Am happily reading The Rise of Silas Lapham by William Dean Howells, the center of which is a fancy dinner party to which the wealthy but socially ignorant Lapham and his family have been invited.

He does not know what to wear, having eschewed owning a dinner jacket “on a matter of principle” and fretting about whether or not he should buy a pair of gloves. (He does, and his hands look like “canvassed hams” when wearing them.)

His daughter and wife, however, can purchase an “imported” dress, which meant European, hence, “klassy,” without carrying the “third-world sweatshop” connotations that “imported” does today.

This novel started me thinking about clothing anxiety before a big event, and the NYT has reported on one possible solution: Rent the Runway, a company that rents designer dresses (not haute couture, as erroneously noted in the Times’ headline) for $50-200 per four days.

I’ve applied to become a member, to check out the actual dresses, because one can’t window shop, apparently.

But here’s a semantic question: What meaning would you prefer from this declaration:

I’ve rent my dress!

1. (I’ve ripped my dress!)

2. (I’ve paid money to borrow this dress, which I’ll return!)

In response to the first interpretation, with a needle and thread, one could have an—ahem—rent-stabilized dress.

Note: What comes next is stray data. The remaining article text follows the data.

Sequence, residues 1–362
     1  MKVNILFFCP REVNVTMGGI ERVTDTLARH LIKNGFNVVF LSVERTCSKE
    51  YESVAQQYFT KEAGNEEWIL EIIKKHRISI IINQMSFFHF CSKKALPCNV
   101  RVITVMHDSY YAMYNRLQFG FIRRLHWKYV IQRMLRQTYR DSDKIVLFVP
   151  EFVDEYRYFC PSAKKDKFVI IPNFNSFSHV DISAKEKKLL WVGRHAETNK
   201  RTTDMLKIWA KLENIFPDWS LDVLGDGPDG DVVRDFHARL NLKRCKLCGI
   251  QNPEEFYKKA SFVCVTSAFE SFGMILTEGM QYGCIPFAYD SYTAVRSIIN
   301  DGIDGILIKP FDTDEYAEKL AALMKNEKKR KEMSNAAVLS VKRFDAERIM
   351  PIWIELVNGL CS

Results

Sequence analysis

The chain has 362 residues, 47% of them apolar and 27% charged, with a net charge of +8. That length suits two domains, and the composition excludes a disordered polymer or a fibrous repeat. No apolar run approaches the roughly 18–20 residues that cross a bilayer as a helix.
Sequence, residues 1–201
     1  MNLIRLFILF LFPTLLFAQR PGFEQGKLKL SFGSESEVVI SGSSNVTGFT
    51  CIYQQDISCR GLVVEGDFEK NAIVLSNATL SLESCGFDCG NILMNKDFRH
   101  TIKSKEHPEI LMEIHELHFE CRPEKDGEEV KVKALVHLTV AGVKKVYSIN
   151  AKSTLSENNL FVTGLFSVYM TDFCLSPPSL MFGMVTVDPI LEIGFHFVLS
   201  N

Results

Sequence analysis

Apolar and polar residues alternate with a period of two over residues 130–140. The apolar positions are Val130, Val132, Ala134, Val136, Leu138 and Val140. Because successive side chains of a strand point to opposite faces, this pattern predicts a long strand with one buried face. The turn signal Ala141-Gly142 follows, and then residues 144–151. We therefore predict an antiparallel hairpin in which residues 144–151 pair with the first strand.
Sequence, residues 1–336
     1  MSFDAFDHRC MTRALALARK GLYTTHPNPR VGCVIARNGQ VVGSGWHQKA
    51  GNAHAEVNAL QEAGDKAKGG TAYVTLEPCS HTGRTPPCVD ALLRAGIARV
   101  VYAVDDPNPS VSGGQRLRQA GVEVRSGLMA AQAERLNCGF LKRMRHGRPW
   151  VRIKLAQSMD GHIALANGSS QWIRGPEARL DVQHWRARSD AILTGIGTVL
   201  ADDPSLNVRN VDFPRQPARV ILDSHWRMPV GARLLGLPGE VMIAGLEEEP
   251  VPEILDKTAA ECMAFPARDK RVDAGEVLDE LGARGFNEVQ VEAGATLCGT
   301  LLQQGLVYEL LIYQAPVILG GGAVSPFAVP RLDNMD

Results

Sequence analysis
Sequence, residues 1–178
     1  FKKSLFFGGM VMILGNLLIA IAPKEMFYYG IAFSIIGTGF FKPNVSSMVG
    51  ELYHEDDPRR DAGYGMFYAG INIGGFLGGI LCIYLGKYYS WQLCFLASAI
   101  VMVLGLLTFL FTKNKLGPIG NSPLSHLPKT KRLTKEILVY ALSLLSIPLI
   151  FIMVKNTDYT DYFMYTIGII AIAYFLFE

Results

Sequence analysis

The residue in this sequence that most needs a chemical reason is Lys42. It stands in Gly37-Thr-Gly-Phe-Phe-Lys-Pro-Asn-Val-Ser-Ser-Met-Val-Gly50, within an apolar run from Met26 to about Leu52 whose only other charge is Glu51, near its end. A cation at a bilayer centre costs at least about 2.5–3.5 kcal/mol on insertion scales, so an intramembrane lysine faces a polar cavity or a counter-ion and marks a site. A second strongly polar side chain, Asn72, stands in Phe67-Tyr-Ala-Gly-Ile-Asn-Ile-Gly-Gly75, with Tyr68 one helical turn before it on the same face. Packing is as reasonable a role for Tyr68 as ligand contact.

Monday, November 9, 2009

Piece of Cake

Nov. 9, my two-year blogging anniversary, has arrived and caught me by surprise!

Gentle readers, please help yourselves to a piece of virtual cake (from my favorite joint for gaily decorated cakes, the Cupcake Café in NYC [I like the one on 9th Ave]).

And thank you for visiting and for visiting and commenting over these last two years. It’s been delightful to make your acquaintance, and to read a choice bon mot or two from you.

Indeed, without you, this address would be a cake sans frosting. And frosting is certainly my favorite part of any dessert.

Friday, November 6, 2009

J Crew Pays Homage to Alabama Chanin?

It’s taken the fashion world a while to follow suit, but the homespun styling of Natalie Chanin (designer of Project Alabama, then of Alabama Chanin; see right) seems to have firmly buried its knot in the oft-described-as-preppy fabrics of J Crew.

Appreciated for her reverse appliqué, her ragged hems, her reliance on the tradition needlework of local women, Natalie Chanin makes clothes that look both lovingly homemade and irresistibly chic. She’s up for one of Vogue magazine’s design awards; indeed, this is her second nomination.

So strong is her distinctive look that it has, I believe, infiltrated the twill, the repp stripes, the twin sets of J Crew. In fact, I, who rarely am tempted by anything beyond the basics (shorts, cardis, pencil skirts) chez J, have been happily ordering tiered tops (one tailored and silk, the other a raggedy-chic Alabama homage [see below]):